Offensive Weapons Bill

Written evidence submitted by Keith Farrell, on behalf of the Academy of Historical Arts Ltd (OWB124)

I am writing to you today to offer my "relevant expertise and experience", in light of my special interest in the Offensive Weapons Bill that is currently passing through Parliament.

Summary of main points:

- Recent petitions

- Clarification of what is intended by "defences" and "exemptions"

- Suitable defences for antique bladed articles

- What is acceptable for "age verification" upon delivery?

- Clarification of how it will work with blades coming from or being posted to an address abroad

Personal experience and background

1. I have been involved in the practice of martial arts since 1998, have been running my own martial arts clubs since 2008, and have been teaching martial arts in a professional capacity since 2015, when the Academy of Historical Arts Ltd was incorporated. Furthermore, I have a personal collection of antique swords and use these in educational outreach activities, and I am a trustee for the Triquetra Collection of antique swords and fencing treatises. I have been aware of this Bill since its introduction in 2017, I contributed to the public consultation, and have contacted my MP to discuss the Bill. Since I have a vested interest in these matters, both personally and professionally, I feel that it is important and valid for me to write to you today.

Recent Petitions

2. There is currently a petition with over 21,000 signatures, calling for the removal of Article 15 from the Bill. [1] The government responded to this petition on 18/07/2018, saying that there are many defences in the Bill, but I believe that certain defences have been omitted by oversight, in particular a defence for the purchase, sale, delivery, and possession of antique bladed articles.

3. There is another petition with over 6600 signatories, with a focus on gaining an appropriate defence for bladed articles of an antique nature. [2]

Clarification of what is intended by "defences" and "exemptions"

4. I believe that it is of immense importance to include the defences for bladed articles used in sport and re-enactment. It is also incredibly important to include a comprehensive list of bladed articles that are exempt, because, as it stands, previous legislation has cast a very broad net in terms of defining what a "knife" is for the purpose of committing one kind of offence or another; [3] it is clear from the government’s response to this petition that certain types of bladed articles are seen as less problematic as others (which is really just common sense), and so there should be appropriate defences for reasonable items bought, sold, possessed, and used in a reasonable way by reasonable people who have a good reason for having and using the item in question.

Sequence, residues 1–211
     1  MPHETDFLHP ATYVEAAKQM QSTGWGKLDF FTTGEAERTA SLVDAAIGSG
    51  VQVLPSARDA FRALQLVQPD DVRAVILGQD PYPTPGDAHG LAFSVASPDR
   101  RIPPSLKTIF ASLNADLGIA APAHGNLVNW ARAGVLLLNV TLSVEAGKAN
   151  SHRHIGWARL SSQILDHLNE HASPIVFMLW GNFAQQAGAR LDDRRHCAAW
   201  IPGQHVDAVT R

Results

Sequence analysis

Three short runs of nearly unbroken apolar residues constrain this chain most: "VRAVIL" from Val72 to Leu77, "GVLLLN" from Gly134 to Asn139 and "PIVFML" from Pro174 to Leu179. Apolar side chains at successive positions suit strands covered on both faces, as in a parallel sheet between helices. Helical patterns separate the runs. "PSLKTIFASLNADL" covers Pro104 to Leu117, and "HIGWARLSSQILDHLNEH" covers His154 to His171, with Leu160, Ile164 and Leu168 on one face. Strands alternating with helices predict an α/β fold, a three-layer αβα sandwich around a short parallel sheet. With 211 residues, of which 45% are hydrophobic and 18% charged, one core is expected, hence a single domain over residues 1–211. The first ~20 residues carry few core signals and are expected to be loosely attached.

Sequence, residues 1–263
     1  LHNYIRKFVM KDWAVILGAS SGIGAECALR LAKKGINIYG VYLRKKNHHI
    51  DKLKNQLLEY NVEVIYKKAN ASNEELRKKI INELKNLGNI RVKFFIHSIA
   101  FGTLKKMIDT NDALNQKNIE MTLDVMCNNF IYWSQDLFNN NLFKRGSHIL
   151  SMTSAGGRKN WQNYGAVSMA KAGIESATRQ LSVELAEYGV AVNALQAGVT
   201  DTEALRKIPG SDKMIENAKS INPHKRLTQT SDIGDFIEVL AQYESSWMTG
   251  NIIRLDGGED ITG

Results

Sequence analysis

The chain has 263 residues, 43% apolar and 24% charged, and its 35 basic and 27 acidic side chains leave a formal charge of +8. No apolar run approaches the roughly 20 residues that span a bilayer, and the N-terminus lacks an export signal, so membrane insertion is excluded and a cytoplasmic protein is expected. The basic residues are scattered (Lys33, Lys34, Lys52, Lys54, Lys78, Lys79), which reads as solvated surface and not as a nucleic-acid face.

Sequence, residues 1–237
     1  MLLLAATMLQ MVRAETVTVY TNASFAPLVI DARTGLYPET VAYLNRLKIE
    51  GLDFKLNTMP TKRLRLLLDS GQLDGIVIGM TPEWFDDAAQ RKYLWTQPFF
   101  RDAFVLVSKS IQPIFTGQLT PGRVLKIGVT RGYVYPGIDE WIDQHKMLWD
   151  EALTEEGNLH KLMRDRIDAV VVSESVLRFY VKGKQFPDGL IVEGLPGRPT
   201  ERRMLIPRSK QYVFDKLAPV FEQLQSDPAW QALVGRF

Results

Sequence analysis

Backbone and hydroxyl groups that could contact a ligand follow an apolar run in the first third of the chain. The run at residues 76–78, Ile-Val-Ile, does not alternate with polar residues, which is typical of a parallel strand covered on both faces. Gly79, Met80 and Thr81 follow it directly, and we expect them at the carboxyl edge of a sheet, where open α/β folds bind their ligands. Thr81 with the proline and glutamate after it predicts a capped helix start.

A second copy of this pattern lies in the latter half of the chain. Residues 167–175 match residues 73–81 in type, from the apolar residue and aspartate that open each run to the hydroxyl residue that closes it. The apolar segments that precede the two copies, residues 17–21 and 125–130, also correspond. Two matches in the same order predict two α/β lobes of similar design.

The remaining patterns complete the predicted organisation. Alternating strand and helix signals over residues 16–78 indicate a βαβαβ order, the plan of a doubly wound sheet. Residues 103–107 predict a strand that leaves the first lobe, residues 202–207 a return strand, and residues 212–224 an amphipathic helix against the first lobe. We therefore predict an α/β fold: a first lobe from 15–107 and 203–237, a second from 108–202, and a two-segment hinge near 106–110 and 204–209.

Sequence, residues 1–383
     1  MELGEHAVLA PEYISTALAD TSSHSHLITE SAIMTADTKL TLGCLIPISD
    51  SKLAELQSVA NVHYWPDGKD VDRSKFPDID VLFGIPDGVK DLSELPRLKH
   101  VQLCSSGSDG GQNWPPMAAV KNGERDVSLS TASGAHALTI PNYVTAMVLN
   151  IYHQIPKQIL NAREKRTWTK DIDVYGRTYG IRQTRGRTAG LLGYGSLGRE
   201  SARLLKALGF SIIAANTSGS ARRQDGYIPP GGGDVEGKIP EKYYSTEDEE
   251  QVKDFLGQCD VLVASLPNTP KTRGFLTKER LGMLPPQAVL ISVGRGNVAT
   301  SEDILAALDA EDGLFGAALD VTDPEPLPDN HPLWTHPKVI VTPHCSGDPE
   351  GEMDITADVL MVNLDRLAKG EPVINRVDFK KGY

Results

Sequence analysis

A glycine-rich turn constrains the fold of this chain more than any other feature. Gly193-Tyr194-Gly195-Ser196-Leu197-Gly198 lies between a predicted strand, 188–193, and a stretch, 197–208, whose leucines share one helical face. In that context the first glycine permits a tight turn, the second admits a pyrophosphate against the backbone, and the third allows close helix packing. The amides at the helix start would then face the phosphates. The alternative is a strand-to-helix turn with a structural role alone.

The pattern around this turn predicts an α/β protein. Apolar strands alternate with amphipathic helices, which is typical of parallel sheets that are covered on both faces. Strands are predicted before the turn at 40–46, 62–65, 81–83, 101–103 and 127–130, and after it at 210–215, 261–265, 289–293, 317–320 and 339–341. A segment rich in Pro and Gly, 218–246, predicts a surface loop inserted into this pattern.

5. It would be helpful to have a clarification of exactly what the government intends by "defences" and "exemptions". As I understand the law: a "defence" means that you break the law by having the thing, but that if a court case is brought against you for having it, you can potentially overturn the prosecution against you if you can provide enough evidence to make those involved in deciding your fate believe that you qualify for the defence; whereas an exemption means that having the thing is simply not illegal in the first place, saving everyone involved (including the government and the Crown Prosecution Service) the time and expenses of a court case.

6. During the public consultation, the government provided its Impact Assessment, which was then updated in May 2018. [4] This document shows that the government expects that not only will businesses suffer financially and that private customers will have to bear increased costs as a result of this Bill, the government and criminal justice system and police service will also suffer increased costs dealing with people falling foul of Article 15 in the Bill. It might be a better economy to make some of these "defences" into "exemptions" to spare the costs of potential trials, or at least to make the "defences" as clear and unambiguous as possible so that it becomes obvious and without confusion when people have the benefit of these "defences".

Suitable defences for antique bladed articles

7. Given the government’s response to the change.org petition, it is clear that the focus of the Bill is to make it more difficult for people without a legitimate reason to buy online (and have delivered to their home) knives intended to cause harm to others, and that the Bill is not intended to prohibit the purchase, sale or delivery of reasonable bladed articles for legitimate purposes, it seems incredibly strange that section 16 ("Defences to offence under section 15") does not include any defence for the sale, purchase, or delivery of antique bladed items such as antique swords. As per my points in paragraphs 4 and 5 above, it is incredibly important that the Bill gives a clear and comprehensive list of what is allowed (and their appropriate defences or exemptions), and antiques should be included within this list.